Our third night we went downmarket to a noodle place on Parnell Street. We wanted to have an Asian hole-in-the-wall experience, and we weren’t above saving some scratch. After some online research, we settled on Charming Noodle. It had one of those menus that goes on for days, featuring a Pan-Asian selection. It was pretty good, though nothing spectacular.
I never did find a really good cup of coffee in Dublin. Surprisingly, the best coffee I had came with breakfast in our guest house. Everywhere else, the stuff tasted like Nescafe.
The Queen of Tarts is in all the guide books, and rightly so. If you’re looking for an afternoon pastry (I had a tart, she had a scone), it’s delightful.
We didn’t pub it as much as probably should have. We did have one truly satisfying pub experience at The Long Hall, an old school establishment catering to a cross-section of ages (though not ethnicities… no Asians or Polish in sight).
Various and Sundry
We stayed in unremarkable lodging, The Anchor Guest House, on Lower Gardiner. We chose it for it’s location and price — it’s a quick walk to central Dublin, and we paid â‚¬70/night including breakfast. I can neither recommend nor discourage staying there.
We never found a welcoming neighborhood for relaxing and hanging out. The closest would have been what I read was called “SoDa” (South of Dame Street), between St. George Street and Grafton. Given the weak weak weak dollar, we were disinclined to shop. If we had spent another day there, I would have wanted to head farther south and east than we did, beyond St Stephen Green… It seemed like there are some interesting (and posh) neighborhoods down there.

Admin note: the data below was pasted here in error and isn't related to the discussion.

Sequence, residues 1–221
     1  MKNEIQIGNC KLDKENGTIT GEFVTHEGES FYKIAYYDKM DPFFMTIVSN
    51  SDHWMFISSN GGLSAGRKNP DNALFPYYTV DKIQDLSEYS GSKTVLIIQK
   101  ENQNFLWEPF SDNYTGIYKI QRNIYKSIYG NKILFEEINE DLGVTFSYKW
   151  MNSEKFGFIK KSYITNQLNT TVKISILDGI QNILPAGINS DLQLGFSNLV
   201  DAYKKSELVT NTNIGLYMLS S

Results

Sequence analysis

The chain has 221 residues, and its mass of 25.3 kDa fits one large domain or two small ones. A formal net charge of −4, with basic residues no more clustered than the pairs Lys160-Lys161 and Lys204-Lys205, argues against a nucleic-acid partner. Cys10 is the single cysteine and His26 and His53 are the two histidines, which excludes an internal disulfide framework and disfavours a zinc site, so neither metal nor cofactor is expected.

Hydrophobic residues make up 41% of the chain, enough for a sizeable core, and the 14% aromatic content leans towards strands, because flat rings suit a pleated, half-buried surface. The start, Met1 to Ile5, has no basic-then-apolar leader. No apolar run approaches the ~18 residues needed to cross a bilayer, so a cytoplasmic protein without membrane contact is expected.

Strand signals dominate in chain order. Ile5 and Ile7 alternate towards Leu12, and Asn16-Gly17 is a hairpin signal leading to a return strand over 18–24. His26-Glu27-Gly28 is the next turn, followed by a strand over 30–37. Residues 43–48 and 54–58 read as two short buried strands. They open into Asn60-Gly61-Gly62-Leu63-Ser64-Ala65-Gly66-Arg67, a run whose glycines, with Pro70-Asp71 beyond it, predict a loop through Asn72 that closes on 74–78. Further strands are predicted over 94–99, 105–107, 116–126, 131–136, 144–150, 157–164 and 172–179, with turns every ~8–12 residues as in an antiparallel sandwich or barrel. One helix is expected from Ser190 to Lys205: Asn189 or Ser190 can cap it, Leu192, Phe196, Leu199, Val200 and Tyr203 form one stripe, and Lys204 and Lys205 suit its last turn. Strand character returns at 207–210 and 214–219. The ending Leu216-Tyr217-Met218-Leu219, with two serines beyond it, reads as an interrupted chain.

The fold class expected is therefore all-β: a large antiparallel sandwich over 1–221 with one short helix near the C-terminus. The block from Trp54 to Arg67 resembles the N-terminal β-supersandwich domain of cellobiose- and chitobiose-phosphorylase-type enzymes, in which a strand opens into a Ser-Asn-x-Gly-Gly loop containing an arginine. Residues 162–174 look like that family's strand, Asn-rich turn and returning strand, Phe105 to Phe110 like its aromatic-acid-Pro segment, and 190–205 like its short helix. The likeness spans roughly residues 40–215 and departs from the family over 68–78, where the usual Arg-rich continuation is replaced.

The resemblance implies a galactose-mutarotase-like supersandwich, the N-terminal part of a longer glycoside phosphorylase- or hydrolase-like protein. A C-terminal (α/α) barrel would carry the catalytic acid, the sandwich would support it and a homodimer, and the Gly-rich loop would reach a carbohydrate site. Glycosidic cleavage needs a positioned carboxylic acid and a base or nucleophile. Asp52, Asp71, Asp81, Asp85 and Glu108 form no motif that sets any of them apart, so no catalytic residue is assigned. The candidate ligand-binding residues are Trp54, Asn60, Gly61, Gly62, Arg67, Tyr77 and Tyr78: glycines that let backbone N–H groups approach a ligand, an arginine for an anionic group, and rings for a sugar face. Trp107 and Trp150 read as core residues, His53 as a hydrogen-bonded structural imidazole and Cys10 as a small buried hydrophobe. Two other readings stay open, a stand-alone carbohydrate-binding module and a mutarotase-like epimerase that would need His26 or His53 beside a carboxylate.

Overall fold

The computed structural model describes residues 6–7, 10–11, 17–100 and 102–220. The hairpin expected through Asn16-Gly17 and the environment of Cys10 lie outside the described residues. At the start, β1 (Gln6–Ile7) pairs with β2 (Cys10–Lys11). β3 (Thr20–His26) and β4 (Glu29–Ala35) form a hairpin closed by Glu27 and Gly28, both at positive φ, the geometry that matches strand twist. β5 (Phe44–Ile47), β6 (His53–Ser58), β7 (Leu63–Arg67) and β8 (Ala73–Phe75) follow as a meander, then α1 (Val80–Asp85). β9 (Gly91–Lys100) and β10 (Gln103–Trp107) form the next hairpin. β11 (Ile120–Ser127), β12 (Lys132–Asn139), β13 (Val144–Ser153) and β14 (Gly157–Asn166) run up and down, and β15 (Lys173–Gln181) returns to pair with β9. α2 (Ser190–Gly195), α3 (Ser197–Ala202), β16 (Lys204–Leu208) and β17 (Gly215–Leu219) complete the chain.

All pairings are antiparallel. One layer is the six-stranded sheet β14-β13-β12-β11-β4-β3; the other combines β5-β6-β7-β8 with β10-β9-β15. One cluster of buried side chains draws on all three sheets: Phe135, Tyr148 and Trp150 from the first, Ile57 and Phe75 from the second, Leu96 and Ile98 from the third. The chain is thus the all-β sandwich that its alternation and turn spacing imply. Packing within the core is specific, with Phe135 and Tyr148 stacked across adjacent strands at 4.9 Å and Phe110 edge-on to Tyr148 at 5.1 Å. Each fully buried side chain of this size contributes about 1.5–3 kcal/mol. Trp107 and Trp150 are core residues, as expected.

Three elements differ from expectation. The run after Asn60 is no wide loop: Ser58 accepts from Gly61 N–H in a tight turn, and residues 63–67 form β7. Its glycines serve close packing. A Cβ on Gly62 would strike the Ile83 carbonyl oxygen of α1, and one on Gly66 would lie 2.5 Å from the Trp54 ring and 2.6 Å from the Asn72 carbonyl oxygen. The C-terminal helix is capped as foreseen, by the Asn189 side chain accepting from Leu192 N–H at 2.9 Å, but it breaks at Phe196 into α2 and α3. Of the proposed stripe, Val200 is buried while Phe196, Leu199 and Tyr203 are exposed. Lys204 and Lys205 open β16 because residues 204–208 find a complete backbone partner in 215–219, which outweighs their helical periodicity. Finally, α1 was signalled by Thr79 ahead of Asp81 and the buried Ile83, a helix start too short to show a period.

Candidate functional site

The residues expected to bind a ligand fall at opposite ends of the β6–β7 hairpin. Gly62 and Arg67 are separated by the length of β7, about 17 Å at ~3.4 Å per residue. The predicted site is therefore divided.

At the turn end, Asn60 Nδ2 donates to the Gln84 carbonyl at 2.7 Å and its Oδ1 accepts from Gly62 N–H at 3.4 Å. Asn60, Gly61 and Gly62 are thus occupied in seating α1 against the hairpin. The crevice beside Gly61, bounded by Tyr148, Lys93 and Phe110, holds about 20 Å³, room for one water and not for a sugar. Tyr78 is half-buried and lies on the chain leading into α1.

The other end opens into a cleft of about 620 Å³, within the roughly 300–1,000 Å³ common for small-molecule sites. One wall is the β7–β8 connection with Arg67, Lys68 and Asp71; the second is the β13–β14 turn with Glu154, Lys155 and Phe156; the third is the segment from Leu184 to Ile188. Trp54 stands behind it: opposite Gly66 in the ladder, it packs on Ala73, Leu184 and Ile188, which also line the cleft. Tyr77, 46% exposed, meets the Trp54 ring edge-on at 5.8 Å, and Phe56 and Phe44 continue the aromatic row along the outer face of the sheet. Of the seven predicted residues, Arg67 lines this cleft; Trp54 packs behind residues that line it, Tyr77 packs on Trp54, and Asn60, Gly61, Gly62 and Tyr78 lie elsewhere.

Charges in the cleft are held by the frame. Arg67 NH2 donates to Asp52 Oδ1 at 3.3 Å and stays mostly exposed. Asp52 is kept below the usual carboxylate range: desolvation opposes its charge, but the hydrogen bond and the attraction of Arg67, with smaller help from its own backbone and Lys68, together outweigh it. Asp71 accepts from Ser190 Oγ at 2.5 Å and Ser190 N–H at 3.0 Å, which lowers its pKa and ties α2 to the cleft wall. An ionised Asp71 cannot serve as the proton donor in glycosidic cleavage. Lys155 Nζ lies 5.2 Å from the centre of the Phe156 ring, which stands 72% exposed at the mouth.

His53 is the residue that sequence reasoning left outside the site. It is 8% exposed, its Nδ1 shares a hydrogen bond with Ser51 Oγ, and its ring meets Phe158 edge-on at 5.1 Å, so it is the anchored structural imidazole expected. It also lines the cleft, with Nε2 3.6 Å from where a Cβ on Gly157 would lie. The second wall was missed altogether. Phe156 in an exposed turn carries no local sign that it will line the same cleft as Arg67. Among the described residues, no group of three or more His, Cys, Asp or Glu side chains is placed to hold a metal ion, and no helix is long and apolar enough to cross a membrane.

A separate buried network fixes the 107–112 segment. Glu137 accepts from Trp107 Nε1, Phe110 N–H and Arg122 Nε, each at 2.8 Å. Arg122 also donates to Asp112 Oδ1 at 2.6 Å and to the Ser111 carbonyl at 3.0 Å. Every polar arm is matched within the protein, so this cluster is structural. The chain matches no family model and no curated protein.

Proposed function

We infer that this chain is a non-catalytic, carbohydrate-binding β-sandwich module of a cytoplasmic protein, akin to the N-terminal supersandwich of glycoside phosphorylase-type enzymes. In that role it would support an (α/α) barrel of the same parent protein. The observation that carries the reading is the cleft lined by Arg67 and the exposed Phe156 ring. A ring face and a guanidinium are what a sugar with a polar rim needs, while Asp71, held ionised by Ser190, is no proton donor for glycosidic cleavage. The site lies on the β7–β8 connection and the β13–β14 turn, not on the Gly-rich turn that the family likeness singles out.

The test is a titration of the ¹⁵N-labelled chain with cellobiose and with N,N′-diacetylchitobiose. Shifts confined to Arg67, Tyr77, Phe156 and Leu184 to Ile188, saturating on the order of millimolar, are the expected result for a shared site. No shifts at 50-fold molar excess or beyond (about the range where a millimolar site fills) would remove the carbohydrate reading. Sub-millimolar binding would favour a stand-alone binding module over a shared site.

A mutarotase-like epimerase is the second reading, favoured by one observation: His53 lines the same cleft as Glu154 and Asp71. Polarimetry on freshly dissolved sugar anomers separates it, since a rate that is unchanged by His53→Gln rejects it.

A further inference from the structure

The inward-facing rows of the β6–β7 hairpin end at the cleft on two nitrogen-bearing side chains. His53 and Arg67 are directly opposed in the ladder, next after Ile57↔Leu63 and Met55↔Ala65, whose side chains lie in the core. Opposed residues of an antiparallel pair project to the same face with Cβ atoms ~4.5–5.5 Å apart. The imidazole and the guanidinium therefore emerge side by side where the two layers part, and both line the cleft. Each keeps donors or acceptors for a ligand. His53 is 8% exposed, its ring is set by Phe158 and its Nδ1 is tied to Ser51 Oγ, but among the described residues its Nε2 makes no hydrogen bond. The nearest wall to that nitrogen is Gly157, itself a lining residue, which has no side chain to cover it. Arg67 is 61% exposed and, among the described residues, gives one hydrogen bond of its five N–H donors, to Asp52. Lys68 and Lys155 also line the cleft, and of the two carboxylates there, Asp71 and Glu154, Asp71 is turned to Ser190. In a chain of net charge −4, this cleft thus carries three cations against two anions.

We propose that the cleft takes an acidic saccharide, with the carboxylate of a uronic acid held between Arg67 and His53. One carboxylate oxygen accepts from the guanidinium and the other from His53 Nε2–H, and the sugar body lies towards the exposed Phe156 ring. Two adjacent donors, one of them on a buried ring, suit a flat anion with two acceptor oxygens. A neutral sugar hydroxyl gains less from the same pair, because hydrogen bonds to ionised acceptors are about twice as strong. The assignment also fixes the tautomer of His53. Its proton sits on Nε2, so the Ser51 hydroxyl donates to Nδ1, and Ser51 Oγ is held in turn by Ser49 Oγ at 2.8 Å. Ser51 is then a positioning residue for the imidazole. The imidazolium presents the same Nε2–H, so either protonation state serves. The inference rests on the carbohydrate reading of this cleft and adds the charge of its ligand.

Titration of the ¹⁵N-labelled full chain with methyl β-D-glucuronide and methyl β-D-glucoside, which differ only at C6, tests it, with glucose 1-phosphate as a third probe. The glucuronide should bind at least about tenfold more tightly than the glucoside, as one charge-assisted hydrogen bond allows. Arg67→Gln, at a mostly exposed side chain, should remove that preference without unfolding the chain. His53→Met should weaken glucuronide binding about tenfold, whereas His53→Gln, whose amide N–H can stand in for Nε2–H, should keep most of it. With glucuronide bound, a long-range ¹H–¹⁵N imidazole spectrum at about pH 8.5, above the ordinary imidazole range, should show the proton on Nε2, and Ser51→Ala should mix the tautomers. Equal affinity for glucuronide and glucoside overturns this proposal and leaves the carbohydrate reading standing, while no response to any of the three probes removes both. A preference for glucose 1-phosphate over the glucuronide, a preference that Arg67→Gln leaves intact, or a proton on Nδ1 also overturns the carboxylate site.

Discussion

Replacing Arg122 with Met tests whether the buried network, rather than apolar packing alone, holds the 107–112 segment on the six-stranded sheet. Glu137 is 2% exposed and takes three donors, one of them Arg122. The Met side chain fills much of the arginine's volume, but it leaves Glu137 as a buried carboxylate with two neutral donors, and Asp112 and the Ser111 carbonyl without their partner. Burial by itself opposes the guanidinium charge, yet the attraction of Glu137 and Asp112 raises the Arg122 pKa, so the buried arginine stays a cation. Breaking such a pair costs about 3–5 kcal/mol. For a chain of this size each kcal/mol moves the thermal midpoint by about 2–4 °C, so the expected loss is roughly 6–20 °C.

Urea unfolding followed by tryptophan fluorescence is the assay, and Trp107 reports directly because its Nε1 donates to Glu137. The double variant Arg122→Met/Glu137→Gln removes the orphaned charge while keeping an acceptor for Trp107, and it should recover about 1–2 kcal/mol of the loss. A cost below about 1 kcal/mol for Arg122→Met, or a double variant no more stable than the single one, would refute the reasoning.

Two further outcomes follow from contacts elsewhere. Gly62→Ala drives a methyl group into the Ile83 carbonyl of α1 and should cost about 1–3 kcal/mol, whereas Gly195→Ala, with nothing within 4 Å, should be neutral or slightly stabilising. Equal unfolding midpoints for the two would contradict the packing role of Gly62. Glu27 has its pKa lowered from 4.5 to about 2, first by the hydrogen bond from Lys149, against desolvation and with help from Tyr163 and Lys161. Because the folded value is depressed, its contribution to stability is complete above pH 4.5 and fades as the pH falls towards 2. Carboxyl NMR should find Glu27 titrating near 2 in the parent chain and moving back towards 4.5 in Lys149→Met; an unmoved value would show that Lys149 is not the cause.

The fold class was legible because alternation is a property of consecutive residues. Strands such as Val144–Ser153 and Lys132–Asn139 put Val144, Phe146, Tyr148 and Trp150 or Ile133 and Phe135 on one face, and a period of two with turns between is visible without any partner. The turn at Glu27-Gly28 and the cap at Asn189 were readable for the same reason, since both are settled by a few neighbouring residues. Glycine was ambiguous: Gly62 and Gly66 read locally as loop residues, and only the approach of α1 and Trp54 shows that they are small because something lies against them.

Dubliners might be the most aggressive pedestrians I’ve encountered. I’m a pretty fast walker, but I was frequently overtaken, even by little old ladies. I could never figure out where folks were rushing to.
In all, we enjoyed our time in Dublin. We tired ourselves out walking, we learned about essential Irish history, and had some good meals. If I had to do it again, I would have tried harder to find people to connect with — some of our best time involved dining with locals, getting better context about Dublin and Ireland’s contemporary situation, and just enjoying the company of others. Dublin seems to be a good 3-day town… I think had we stayed another day we would have gotten antsy, so I’m happy that we’ve moved on.
I’m writing this on a train heading west from Dublin to Galway. We’re spending the next 5 days driving around the west, hiking, visiting historical sites, eating seafood, and drinking more Guinness. So far, the train ride through the countryside has been lovely, and I look forward to more of the same.
(I didn’t get a chance to post this until a few days later…)